Costa Brava – Day 6

Today’s hike took me from L’Estartit to another small coastal town, L’Escala. Around 20 km with 650 m of ascents, it looked fairly straightforward on the map but turned out to be quite tough because of the terrain, adding a new word to my Spanish hiking vocabulary. But more of that later.

I got to breakfast at the hotel just after it began, but the room had already been taken over by the Hippocampes de Massy, the diving club that had been making such a terrific din last night. I managed to get some food, despite them crowding around the breakfast buffet. I’ve always been allergic to big groups, preferring to travel alone or with my wife and/or kids – I find it easier to meet and talk to other people that way. This lot did nothing to change that opinion. I am definitely not a “group” person.

The sky was clear blue when I set off and would remain that way until evening. It was a truly glorious day for hiking, not too hot thanks to the constant wind, and with a clarity to the light that was outstanding.

After setting off from the hotel, I crossed L’Estartit and headed away from the sea, up into the hills past the local campsite. The trail was easy to follow and very pleasant to walk at first but on reaching the Alt de la Pedrosa plateau, I finally understood a new term in the guidebook – “zona pedregosa” – that would be typical of the coastal terrain  until my arrival in Collioure at the end. The word “pedregosa” means stony and, from this point on, I was walking on stones or rocks most of the time. Sharp stones jutting out of the ground, others that would roll away beneath my feet. Not the easiest terrain to walk on and a far cry from the well-paved paths along the coast earlier on the trip. This sixth day was particularly “pedregosa” as the trail followed the coast, up and down from one bay to another.

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The track across Alt de la Pedrosa

The stony track crossed the plateau before heading down to the sea at Cala Pedrosa, a beautiful, rocky inlet that would have been great for a swim if the water had been warmer. Instead, I just sat in the sun and contented myself with adopting an “actitud mimètica” (see photo below).

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Sign in Catalan at Cala Pedrosa

From Cala Pedrosa, the trail climbed up again to higher ground with stunning views of the coast, notably of the Foradada headland.

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Foradada headland

The narrow trail was consistently stony and it was hard going. The walking poles came in particularly handy, notably on the downhill sections.

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The stony trail between Cala Pedrosa and Cala Ferriol

The next bay along was the beautiful Cala Ferriol, a narrow inlet with some large rocks just off the shore at its entrance. Another spot where it would have been great to have a swim in hotter weather with warmer water.

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Cala Ferriol

After Cala Ferriol, there was another climb up to join the GR 92 and head over more stony terrain on an inland track some way from the sea before returning to the cliffs near Punta Ventosa where there were some truly spectacular views of the coast and its caves that would be fun to explore by kayak.

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Punta Ventosa

From Punta Ventosa, I had my first view of the Cala Montgó, a beautiful semi-circular bay with L’Escala just visible beyond it. The trail down to the sea was particularly stony and steep. I met four English hikers heading in the other direction who were also complaining about the terrain.  They were finding their way with an app on their smartphone and I realized that maybe I could reduce pack weight by investing in one myself, rather than use an iPad, a guidebook and my old dinosaur phone to find my way. Definitely something to look into for future hikes, especially as consulting the map in the fairly large-format guidebook for this trail meant removing the pack from my back each time.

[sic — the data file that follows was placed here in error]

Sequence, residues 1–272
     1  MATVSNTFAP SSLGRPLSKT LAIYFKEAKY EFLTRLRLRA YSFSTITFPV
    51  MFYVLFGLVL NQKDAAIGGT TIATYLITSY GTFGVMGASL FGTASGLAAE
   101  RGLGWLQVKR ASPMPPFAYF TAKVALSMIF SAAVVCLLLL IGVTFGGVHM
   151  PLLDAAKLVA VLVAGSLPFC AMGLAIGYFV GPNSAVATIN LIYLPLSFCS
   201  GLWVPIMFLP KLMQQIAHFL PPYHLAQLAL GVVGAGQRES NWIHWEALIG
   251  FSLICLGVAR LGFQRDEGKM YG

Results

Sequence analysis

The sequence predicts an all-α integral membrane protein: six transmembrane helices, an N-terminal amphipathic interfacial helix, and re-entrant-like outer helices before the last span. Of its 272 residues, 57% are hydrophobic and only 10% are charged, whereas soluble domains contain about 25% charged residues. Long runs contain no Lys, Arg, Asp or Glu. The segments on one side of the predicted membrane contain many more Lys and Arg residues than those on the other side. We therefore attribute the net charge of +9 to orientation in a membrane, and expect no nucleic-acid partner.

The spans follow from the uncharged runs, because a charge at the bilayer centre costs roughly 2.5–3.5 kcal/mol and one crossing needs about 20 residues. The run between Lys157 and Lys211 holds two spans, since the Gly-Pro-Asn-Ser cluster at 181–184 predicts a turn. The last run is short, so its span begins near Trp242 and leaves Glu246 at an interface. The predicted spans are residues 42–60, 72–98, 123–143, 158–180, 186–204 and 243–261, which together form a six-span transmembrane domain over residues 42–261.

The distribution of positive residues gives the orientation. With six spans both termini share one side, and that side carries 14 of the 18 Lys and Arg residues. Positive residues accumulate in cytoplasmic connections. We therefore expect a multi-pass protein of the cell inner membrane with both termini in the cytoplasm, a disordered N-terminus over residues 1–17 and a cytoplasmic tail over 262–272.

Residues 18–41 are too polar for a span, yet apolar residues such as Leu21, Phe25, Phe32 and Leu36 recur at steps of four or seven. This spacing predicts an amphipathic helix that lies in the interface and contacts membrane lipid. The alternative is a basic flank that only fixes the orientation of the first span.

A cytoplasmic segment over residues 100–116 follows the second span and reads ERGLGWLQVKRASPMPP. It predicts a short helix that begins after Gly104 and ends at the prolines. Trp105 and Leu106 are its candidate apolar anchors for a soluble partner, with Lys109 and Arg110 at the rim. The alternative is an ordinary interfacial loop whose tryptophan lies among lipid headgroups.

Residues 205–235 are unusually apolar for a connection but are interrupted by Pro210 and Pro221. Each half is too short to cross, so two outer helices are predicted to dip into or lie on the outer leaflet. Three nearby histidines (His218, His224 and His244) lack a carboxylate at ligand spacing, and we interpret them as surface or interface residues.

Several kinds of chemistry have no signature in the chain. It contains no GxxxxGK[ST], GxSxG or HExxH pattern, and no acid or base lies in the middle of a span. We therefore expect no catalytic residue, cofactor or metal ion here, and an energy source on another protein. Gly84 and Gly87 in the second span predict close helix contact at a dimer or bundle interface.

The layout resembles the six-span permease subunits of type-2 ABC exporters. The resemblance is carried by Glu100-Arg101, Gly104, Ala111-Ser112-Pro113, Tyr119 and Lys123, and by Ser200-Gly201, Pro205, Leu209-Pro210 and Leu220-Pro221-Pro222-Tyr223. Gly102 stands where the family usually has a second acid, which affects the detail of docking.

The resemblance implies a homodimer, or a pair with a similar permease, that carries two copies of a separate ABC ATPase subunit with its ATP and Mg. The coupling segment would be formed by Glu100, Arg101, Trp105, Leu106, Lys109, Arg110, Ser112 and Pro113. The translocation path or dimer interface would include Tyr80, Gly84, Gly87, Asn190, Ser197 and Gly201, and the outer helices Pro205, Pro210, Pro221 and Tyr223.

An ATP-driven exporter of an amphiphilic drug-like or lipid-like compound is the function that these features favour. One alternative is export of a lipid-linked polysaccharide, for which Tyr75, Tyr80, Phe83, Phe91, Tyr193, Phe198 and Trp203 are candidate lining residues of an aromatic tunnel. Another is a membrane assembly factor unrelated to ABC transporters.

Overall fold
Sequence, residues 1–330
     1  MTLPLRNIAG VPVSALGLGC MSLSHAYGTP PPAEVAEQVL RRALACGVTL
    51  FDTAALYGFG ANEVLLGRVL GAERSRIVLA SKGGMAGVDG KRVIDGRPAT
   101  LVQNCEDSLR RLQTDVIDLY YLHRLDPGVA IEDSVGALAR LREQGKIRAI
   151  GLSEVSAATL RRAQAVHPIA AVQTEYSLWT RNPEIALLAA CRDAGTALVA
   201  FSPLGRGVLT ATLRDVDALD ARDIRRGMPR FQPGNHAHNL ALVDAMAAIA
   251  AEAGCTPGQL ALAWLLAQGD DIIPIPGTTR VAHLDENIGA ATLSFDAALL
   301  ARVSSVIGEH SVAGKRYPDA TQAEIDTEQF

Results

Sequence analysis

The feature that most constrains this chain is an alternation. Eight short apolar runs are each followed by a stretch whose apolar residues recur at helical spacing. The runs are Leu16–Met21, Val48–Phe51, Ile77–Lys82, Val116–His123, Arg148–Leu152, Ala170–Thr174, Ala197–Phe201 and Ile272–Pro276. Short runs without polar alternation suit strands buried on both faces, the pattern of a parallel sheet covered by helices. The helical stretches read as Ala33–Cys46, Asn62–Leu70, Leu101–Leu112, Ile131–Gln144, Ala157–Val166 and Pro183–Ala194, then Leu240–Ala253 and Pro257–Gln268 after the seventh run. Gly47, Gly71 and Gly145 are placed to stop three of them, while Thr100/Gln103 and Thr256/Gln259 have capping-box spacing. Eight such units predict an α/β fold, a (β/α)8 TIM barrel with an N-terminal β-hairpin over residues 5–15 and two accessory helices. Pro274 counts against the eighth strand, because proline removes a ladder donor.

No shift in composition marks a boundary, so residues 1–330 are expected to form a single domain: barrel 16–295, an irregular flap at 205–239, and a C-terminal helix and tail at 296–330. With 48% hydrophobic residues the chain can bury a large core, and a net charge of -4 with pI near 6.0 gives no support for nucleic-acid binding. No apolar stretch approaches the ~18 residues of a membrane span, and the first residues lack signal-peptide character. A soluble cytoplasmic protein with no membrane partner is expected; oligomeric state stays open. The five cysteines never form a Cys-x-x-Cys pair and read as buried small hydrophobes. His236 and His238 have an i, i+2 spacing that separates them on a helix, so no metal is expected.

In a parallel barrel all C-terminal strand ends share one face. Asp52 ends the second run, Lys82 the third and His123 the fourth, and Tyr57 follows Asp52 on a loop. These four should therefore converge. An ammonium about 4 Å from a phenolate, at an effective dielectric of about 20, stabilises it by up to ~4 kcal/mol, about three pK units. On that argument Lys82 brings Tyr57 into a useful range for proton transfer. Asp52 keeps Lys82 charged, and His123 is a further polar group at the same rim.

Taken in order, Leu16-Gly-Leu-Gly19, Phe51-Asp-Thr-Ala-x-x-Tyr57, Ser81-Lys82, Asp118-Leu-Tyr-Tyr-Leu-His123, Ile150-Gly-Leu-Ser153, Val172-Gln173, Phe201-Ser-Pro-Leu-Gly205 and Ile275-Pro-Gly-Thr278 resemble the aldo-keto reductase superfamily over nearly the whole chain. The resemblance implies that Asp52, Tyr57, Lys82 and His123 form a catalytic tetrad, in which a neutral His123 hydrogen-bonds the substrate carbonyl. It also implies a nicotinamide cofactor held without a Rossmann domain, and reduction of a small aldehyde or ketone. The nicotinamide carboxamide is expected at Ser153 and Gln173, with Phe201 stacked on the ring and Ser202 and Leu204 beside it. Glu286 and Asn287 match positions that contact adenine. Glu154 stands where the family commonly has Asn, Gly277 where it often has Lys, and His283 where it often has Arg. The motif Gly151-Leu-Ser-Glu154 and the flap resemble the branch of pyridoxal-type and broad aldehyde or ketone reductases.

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Cala Montgó

After Cala Montgó, rather than round the headland with its tower, the trail I was following cut directly across to the bay of Isla Mateua before following the coast on more stony paths to the outskirts of L’Escala. I never thought I’d be happy to walk on asphalt but, after a day of stones, it was a relief to be on a hard, even surface.

I was a little confused on arriving as I thought I was in the centre of L’Escala, when I was in fact in the outlying district of Puerto de la Colta. As I started to look for my hotel, knowing it was just back from the beach, I realized my mistake. The actual centre was about 1.5 km further on, around the bay to the next point that marked the entrance to the centre of the town with its quaint anchovy shops.

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Anchovy shop, L’Escala

L’Escala was a charming little place, another spot to return to at a later date. My hotel, the Torrent was on a quiet street just off the main square, near a beautiful old church. The room was very comfortable, with a small balcony, and the owners were friendly and helpful in suggesting places for dinner. Unfortunately, a couple of their recommendations turned out to be closed on Mondays, but, after a vermut in a bar on the main square, I found a table free at the very funky Grop where I had some croquetas followed by the daily special of monkfish – and found myself with a whole, very grumpy-looking monkfish on my plate! Absolutely delicious and incredibly fresh.

The weather had turned quite chilly, a strong wind was blowing and rain seemed to be on the way, so I headed straight back to the hotel after dinner for another excellent night’s sleep.

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